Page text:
It’s time to demand the same safety standards found in most conventional vehicles
One thing’s indisputable: today’s technology is highly sophisticated and, in many ways, a necessity for most of the world.
When my wife and I bought our last car, we accounted for the essentials: seat belts, airbags (front, side, etc.), standard daytime running lights, and antilock brakes. Then it got interesting. We looked closely at the back-up camera, the blind spot detection system, the rear and forward collision warning systems, adaptive cruise control, and lane departure warnings—advanced features that have been fine-tuned over the last several decades with the explicit purpose of keeping people safe.
Which begs the question: Why are my car, other cars, crossovers, and SUVs adhering to and employing better safety standards than 30-ton tractor trailers?
According to the Large Truck Crash Causation Study, which based its findings on roughly 120,000 large truck crashes, 55 percent of truck accidents were initiated by the truck. Even more alarming: 87 percent of those crashes were the result of carelessness—fatigue, poor driving, speeding, tailgating, etc. And more still: Over 22 percent of truck crashes occurred when the truck rear-ended another vehicle; 32 percent happened when the truck drifted from one lane to another lane or off the road entirely.
These types of crashes are significantly more preventable if we demand the same types of advances found in most conventional cars.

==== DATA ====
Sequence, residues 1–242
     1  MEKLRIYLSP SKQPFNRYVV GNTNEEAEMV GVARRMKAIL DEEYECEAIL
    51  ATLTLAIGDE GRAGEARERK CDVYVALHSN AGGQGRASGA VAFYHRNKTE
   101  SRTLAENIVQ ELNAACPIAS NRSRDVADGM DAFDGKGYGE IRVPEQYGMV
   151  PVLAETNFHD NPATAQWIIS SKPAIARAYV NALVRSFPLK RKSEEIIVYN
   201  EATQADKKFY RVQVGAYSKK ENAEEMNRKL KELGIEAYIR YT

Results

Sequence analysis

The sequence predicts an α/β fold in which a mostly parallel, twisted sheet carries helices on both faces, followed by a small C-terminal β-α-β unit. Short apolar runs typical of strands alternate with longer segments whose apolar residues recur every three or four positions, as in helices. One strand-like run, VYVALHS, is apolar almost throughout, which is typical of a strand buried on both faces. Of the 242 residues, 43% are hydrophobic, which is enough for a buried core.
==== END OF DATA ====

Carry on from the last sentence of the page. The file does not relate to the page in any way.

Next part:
Take rear back up cameras, for example. A 2010 study by the NHTSA found that 228 deaths and 17,000 injuries resulted from cars backing into people. As alarming as that reads, consider that nearly 44 percent of those crashes involved kids under the age of 5, and that a pickup truck or an SUV was four times more likely than a car to kill someone. Thing is, rear-end backup cameras will be required for all new cars beginning May 2018. To date, no such standard is in the works for commercial trucks.
The theme here: the bigger the vehicle, the more dangerous the outcome. If a pickup truck with a rearview mirror is four times deadlier than a car, imagine how the numbers correlate to a tractor-trailer. If you’ve ever sat in the cab of a semi-truck, you know that blind spots are extensive. You know that large trucks don’t have rear-view mirrors. You know that side mirrors have no practical use. In fact, the trucking acronym for maneuvering in reverse is called G.O.A.L., which stands for “Get Out And Look.” (In an ideal situation, the driver uses a spotter to direct them properly.) Installing a back-up camera could go a long way to reducing those stresses and preventing unnecessary accidents.
This isn’t an issue of truck companies coming up with science-fiction-level tech to solve a problem. This isn’t even an issue of calculating the cost-benefit analysis. Active/adaptive cruise control for trucks (a system that adjusts a truck’s speed based on the vehicle in front of it) runs as low as $2,100. It’s not free, but as someone who’s represented families who have lost loved ones because a truck rear-ended a car, I can assure you it’s significantly less than what a truck company ends up paying for a lawsuit. Simply put, it’s a poor business decision for the trucking industry to ignore better safety practices for the sake of saving a few bucks.
The saddest part about this may be the lack of awareness. Given the prevalence of driving safety technology, it would likely surprise most people to learn that multi-million-dollar trucking companies, with fleets of trucks covering millions of miles of road each year, don’t utilize existing technology to prevent injuries and fatalities. Isn’t it time they should?